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Let ventricle is an elliptical or ovoid chamber .The pattern of LV enlargement can vary considerably in different pathologies. We know a dilated , globular heart is the typical feature of terminal congestive heart failure. But in the early stages of cadiac enlargement there are some distinct differences in the contour. (Aortic stenotic lesions retain the ellipitical shape till late in the course )

LV enlargement due to mitral regurgitation is somewhat different from aortic regurgitation. A globular configuration occurs more often in severe MR than AR. This is due to the fact, the long axis and short axis ratio of LV  is maintained till late in the course  of aortic valve disease . Cardiac long axis enlargement is more pronounced in aortic valve disease than in MR. The AR jet reaches LV  at a higher pressure gradient (Diastolic pressure of aorta) than mitral inflow velocity . (Often mimic physiological flow with an S3)

For a given degree of regurgitant volume AR will cause more cardiac enlargement than MR. In the same note , one should realise  the LA becomes huge in MR which receives high pressure regurgitant jet . Further ,mitral valve disease is more likely to result in early PAH and that results in right sided chamber enlargement giving the cardiac contour a more globular configuration

Is the cardiac contour different in rheumatic and degenerative(Myxamatous) mitral regurgitation ?

Yes , rheumatic MR results in less enlargement of the base of the heart as the fibrotic process restricts and restrains LV and prevents uncontrolled LV dilatation . In fact , giant LV are often  reported in mitral regurgitation due to mitral valve prolapse than rheumatic MR.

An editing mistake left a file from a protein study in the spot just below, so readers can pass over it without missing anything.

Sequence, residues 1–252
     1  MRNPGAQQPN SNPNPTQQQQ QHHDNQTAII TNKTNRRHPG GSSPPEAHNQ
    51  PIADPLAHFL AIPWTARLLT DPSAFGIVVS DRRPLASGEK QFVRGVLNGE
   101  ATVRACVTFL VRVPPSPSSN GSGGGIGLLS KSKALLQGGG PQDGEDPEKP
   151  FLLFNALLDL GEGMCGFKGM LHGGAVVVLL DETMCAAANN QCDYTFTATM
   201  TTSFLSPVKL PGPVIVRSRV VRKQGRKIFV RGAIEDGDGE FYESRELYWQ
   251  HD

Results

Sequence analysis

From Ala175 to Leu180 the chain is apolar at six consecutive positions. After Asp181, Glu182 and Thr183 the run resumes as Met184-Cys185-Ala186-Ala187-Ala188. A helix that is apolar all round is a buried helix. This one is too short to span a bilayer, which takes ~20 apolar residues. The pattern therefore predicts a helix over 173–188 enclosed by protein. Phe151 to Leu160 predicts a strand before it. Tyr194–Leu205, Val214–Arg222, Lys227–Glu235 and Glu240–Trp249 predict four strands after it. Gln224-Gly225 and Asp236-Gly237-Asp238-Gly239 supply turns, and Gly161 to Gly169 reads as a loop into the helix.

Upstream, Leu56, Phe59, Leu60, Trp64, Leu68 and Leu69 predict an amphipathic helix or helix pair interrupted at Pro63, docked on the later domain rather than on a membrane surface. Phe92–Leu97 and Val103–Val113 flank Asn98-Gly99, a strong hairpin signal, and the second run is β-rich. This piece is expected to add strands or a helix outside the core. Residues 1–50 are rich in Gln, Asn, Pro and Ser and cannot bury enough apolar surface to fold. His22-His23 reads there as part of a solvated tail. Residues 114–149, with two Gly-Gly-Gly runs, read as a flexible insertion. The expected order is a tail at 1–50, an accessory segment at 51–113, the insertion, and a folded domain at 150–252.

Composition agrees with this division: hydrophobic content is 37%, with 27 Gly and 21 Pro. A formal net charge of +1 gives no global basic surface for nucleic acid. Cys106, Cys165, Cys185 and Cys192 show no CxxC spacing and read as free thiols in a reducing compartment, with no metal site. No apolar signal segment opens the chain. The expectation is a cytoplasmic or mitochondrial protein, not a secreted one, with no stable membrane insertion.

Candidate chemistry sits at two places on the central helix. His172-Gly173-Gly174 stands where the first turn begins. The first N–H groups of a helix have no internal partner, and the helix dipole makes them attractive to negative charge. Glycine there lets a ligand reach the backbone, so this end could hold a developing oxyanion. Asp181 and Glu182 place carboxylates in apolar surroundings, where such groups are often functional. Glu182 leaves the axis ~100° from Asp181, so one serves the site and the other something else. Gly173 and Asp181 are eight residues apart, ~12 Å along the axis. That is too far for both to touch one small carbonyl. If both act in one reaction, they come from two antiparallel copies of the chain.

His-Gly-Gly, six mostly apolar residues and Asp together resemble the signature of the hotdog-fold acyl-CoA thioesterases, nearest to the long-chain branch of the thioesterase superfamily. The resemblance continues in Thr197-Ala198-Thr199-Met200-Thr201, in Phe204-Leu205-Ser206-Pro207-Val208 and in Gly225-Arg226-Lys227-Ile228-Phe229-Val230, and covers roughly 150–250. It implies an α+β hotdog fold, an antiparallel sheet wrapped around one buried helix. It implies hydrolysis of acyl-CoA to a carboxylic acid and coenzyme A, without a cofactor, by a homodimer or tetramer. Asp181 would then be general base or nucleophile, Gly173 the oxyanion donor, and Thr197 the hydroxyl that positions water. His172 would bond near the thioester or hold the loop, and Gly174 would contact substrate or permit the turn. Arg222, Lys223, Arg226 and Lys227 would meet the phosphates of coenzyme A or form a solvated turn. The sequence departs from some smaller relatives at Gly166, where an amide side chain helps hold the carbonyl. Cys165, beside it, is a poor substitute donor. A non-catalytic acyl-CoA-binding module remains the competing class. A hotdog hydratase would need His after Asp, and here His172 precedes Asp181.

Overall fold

Why the configuration of LV important in the management of cadiac failure ?

The globular configuration of LV implies , the papillary muscles are attached in a disadvantaged angle and keep the free wall stress high. Specialized procedures are required to restore the LV shape especially in secondary to mitral annular dilatation. Isolated aortic valve disease rarely require LV remodeling surgeries , even if AVR is done late stages.

What is the maximum dimension of LV reported in cardiac failure ?

The upper limit of normal for LV diastolic dimension is 5.6cms. In MR it often reaches 6-7 cms . The maximum of 10cm has been reported with AR. An LV beyond this level looses it’s elasticity and likely to be incompatible with survival unless LV reduction surgeries like Batista are performed.

Is secondary valvular cardiomyopathy an accepted entity ?

 The  term cardiomyopathy when originally defined decades ago ,  required exclusion of all known cases of cardiac enlargement. But now we have a more liberal working concept , if the LV enlarges disproportionate to the loading conditions of the valvular lesions  , secondary cardiomyopathy is said to be present. If cadiomyopathy sets in,  the cardiac shape invariably takes in a globular configuration irrespective of the valvular lesions. So, the simple parameter of shape of LV in X ray chest can give us a clue regarding the outcome in valvular heart disease.

Further reading

Also read sphericity index by echocardiography A spherical LV can be easily quantified by echocardiography

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